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If You Have a Cervix, Get Screened for Cervical Cancer

Zing Health
Posted by Zing Health on Jan 5, 2022 10:15:00 AM

January is Cervical Cancer Awareness month. If you’re over 65 you may be wondering if you still need to be screened regularly for cervical cancer.

 

What is Cervical Cancer?

Cervical cancer is cancer of the cervix, the lower part of the uterus that connects the vagina to the upper part of the uterus. Even if you have gone through menopause, if you still have your uterus, you can develop cervical cancer. In fact, more than 20 percent of cervical cancer cases are found in women over 65.

 

What Are the Risk Factors?

Cervical cancer is most often caused by a virus called human papilloma virus, or HPV. HPV is passed from one person to another during sex. Because it usually doesn’t cause symptoms, most people who are infected don’t even know they have it. HPV can cause changes in the cervix that may lead to cancer over time.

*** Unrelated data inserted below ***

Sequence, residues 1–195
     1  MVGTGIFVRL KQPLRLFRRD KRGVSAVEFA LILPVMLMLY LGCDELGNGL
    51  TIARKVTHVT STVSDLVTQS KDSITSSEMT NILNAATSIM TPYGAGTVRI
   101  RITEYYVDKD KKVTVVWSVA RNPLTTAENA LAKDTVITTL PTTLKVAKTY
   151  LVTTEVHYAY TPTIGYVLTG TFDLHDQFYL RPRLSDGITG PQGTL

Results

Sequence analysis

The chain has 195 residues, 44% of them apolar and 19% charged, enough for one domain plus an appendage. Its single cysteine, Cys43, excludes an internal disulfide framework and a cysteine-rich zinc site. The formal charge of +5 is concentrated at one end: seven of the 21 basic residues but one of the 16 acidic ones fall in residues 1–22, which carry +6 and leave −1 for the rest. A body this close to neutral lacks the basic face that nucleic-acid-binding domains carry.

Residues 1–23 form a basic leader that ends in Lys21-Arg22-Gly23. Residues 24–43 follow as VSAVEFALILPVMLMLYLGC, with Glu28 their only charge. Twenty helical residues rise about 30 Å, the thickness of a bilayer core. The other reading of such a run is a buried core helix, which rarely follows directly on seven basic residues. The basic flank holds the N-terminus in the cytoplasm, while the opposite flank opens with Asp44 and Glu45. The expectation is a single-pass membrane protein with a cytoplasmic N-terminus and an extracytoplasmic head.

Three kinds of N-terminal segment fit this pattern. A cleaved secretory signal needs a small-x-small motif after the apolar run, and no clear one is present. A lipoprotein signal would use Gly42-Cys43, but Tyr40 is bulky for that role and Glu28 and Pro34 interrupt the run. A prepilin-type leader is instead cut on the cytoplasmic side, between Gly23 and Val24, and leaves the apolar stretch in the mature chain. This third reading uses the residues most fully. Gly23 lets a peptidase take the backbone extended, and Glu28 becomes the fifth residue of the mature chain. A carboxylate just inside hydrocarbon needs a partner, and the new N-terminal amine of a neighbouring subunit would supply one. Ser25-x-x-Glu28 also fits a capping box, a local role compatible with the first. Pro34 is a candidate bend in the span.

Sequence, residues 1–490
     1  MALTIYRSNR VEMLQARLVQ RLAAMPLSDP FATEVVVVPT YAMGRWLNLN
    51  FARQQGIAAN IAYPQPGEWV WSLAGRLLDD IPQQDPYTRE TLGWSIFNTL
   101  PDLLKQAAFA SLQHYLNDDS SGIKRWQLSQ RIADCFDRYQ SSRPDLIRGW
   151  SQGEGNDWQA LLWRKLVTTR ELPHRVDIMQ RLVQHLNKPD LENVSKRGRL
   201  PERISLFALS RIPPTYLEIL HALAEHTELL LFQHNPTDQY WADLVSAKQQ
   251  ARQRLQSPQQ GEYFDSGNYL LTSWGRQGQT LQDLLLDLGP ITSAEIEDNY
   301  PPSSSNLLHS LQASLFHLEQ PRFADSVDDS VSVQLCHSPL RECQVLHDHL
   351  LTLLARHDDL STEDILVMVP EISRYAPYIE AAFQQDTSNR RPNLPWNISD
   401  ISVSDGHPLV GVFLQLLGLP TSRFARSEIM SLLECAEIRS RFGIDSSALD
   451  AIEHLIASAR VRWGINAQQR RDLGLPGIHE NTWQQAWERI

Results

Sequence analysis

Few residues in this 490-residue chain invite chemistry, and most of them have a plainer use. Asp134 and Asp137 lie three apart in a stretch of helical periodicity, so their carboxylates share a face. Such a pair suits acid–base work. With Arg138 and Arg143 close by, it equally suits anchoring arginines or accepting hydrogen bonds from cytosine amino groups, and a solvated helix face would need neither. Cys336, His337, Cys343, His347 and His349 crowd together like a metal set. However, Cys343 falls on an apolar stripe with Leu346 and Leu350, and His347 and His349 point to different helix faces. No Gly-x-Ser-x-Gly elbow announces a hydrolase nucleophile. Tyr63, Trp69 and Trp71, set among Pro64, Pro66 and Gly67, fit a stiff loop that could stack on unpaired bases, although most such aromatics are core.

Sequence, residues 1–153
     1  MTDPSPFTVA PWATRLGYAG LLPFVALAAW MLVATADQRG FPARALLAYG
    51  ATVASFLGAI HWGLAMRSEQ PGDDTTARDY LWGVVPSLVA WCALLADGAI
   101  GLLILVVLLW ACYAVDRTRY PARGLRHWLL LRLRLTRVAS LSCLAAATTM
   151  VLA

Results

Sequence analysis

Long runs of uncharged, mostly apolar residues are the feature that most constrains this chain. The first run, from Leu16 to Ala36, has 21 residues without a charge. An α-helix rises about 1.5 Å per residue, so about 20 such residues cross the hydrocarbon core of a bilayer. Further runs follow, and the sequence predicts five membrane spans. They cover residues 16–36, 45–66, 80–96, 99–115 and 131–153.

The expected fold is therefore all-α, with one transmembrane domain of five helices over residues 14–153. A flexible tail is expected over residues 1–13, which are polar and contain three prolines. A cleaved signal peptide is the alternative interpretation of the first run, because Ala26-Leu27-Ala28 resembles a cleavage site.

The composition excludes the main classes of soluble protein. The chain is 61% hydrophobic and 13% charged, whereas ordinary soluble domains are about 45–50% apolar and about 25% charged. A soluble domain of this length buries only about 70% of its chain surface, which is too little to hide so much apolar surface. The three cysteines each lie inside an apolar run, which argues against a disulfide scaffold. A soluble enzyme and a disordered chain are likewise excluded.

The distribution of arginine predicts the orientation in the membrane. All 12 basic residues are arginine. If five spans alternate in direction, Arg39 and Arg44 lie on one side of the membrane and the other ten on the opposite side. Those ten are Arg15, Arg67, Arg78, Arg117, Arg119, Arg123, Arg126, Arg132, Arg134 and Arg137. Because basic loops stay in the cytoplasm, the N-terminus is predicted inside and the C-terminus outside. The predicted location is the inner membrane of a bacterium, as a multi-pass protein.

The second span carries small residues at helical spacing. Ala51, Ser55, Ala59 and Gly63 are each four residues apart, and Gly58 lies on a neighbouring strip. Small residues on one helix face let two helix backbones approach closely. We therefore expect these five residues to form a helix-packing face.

Other risk factors for cervical cancer are:

  • Having a weakened immune system
  • Smoking
  • Having given birth to three or more children
  • Having several sexual partners
  • Having had sexually transmitted infections such as chlamydia

Do You Need Screening?

Doctors use Pap smears to screen for changes in the cells from your cervix that could lead to cancer if untreated. They are generally given every three years. You doctor can also test you for strains of HPV that are more likely to cause cervical cancer.

If you are over 65, have had normal Pap smears for several years, and are not at high risk for cervical cancer, your doctor may tell you that you no longer need to have a Pap smear. It is important to be honest and open about your risk factors so you and your doctor can make the right choice for you.

 

What Are the Symptoms?

Early on, cervical cancer may have no symptoms. That is why Pap smears are important. Later, cervical cancer may cause bleeding or a discharge from your vagina. If you have gone through menopause, you should have any vaginal spotting or bleeding you notice checked by your doctor. You might also have pain during sex or pain in your pelvic area. Advanced cervical cancer might even cause problems when you urinate or have a bowel movement, and it can cause blood in your urine.

 

Where Can I Learn More?

Check out these websites to learn more about cervical cancer:

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Topics: Zing Health, Seniors, Medicare Advantage, preventive care, cancer screenings, Blog, women's health